I am currently visiting a school in Philadelphia and I was reminded of an old quote I first discovered years ago. It was published as part of a collection of quotations and adages in 1938 by Mary Pettibone Poole, in Philadelphia.
“To repeat what others have said, requires education;
to challenge it, requires brains.”
Schools have changed a lot in the 89 years since Poole made her remark but much remains the same. Educators must still teach key, foundational knowledge to students – this is the bedrock of wisdom. But the best educators are even more interested in using knowledge as a catalyst to inspire their students to ask interesting and important questions and to solve interesting, meaningful, challenging problems.
This is where really powerful learning begins.
There was a time, not long ago, when ‘knowing the correct answer’ was the pinnacle of education. Information was stored in encyclopaedias or in your head – and so there was a premium placed on memory recall.
The world has changed. Education is changing.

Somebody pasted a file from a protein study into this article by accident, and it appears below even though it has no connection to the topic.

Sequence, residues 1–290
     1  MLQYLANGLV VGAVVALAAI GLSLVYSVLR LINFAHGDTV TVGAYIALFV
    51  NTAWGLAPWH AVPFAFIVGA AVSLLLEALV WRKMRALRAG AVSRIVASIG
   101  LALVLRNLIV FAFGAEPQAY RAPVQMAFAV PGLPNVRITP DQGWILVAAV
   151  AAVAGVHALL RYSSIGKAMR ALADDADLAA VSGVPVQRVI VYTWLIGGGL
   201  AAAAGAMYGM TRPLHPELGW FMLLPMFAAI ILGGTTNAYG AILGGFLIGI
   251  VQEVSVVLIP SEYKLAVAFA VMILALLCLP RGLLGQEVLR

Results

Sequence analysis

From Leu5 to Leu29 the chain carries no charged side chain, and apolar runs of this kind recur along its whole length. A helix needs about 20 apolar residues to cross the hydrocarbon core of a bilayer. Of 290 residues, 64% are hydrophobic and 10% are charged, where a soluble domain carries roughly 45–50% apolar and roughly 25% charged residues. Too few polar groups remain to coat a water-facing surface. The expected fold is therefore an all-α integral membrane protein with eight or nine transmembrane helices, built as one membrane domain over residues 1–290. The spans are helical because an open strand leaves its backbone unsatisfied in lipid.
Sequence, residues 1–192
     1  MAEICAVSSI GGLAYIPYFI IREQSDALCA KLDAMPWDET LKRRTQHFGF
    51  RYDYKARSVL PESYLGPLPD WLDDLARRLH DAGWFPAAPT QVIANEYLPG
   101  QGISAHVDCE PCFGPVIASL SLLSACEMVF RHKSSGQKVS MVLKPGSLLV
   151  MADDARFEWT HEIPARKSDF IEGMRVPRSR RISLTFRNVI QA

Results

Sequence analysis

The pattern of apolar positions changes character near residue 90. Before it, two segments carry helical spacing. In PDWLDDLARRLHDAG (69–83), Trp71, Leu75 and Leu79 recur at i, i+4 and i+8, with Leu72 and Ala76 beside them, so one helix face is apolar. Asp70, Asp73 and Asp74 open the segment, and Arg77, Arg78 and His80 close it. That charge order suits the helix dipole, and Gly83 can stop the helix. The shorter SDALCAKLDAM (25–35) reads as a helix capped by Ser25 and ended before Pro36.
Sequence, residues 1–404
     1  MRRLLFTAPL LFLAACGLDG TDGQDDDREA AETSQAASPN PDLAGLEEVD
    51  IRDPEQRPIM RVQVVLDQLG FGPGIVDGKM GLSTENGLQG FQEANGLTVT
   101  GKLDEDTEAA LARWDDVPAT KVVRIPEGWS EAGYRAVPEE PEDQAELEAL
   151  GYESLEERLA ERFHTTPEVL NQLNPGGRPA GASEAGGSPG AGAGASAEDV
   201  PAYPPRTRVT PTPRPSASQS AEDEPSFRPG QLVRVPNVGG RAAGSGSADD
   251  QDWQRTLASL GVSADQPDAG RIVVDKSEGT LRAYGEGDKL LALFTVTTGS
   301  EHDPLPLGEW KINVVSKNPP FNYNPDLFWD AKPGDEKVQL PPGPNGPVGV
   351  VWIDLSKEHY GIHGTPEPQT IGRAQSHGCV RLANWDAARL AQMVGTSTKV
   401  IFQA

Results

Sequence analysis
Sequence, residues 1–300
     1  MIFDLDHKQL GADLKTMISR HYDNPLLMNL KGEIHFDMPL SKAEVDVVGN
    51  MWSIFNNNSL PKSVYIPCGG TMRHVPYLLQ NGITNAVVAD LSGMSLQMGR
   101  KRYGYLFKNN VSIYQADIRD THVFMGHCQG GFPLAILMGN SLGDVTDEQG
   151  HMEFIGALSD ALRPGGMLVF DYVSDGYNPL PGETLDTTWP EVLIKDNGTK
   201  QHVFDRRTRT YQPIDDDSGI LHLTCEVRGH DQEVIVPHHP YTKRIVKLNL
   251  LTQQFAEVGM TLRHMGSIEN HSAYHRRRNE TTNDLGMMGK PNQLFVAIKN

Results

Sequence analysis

Our students’ future success will depend less on reciting what they know and more on asking what they don’t know.
Whilst creativity and innovation begin with a foundation of knowledge, their life-source is curiosity. The ability to solve interesting and important problems begins with the skill of asking interesting and important questions.
So it’s critical that educators consider how effectively their students are learning this skill? How often are they practising it? How much lesson time is dedicated to this skill? How is it being assessed and how is feedback being provided on this skill?
All, it would seem, very interesting and important questions.
PS Here is a little sample of interesting questions students are exploring in a school I visited recently:
- Why don’t you do the things you know you should be doing?
- What don’t you know about ________?
- If you weren’t scared, what would you do?
- Is it possible that what you know about _______ is wrong?
- What would happen if we ________?
- Is it possible that there’s another way to ________?